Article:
Dismissive attachment is a form of insecure attachment. It also falls into the category of avoidant attachment. That is, if this is your attachment style, you avoid relationships with others for the most part. In your relationships, you are distant. You rely on yourself and don’t really need the help of anyone else. You protect yourself from rejection and abandonment by avoiding relationships entirely.
Therapy is likely going to be more difficult for you if you have a dismissive style. Therapists who don’t understand attachment are likely to call you “resistant” or discharge you because you’re “not ready.” You might have a hard time trusting a therapist. And you might find that you leave therapy at the first sign of getting close to a therapist.
The final type of attachment is fearful. If your relationships tend to follow the fearful attachment style, you most likely experience more anxiety in relationships. Your relationships tend to be either hot or cold. You get really close to someone, but when you get afraid that they’ll abandon you or reject you, you push them away.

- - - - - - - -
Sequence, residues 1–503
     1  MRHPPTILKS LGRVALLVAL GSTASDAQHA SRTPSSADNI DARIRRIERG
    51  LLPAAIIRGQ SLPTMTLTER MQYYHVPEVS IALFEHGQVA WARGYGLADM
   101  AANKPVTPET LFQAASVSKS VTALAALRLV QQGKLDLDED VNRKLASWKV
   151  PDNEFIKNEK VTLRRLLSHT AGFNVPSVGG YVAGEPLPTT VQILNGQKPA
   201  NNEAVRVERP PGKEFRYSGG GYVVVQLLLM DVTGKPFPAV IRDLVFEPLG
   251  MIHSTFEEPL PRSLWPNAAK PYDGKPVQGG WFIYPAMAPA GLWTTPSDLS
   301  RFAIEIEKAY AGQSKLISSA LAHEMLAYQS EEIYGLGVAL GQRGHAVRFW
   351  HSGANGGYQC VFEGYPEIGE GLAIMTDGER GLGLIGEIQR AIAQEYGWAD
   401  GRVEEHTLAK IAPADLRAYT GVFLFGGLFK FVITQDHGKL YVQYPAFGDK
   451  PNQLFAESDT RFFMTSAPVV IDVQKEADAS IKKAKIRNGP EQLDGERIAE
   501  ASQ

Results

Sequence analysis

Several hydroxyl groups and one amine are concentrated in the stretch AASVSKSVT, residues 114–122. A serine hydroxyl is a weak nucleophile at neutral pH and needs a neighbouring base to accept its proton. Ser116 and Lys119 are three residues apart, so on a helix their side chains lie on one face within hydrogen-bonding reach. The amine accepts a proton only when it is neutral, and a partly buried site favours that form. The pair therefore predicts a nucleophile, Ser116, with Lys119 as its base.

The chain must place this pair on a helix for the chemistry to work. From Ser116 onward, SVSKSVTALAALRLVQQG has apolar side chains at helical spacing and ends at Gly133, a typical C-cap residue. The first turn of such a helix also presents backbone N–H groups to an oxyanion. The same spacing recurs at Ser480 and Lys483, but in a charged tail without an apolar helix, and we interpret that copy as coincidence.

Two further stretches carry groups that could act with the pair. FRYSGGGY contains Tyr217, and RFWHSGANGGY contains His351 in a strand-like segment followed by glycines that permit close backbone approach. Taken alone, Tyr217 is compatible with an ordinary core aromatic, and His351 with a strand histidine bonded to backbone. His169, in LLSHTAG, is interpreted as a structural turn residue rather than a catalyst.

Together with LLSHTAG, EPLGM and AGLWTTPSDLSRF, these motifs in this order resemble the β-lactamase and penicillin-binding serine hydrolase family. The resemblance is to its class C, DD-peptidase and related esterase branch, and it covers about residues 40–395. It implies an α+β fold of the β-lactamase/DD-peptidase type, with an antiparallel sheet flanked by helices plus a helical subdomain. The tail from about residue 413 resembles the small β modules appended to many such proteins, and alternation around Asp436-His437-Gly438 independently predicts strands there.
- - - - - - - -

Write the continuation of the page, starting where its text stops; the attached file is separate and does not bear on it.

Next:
In a therapy relationship, you will likely have the same type of off and on relationship. It’s likely that you will fire your therapist at some point during therapy. You will probably have times that you feel really connected with your therapist and other times when you feel really betrayed by her.
Causes of Insecure Attachment
Children learn to create secure attachment when their caregivers are responsive and attend to their needs. On the flip side, children can learn at a very young age that relationships are not safe and trusting people isn’t okay. Adverse childhood events, or ACEs, can contribute hugely to these insecure attachments. You can also develop insecure attachment after experiences in your teenage years or adulthood, such as significant difficulties with friends, domestic abuse, or any other experience which shakes the foundation of how you understand and interact in relationships.
Insecure Attachment in the Therapy Room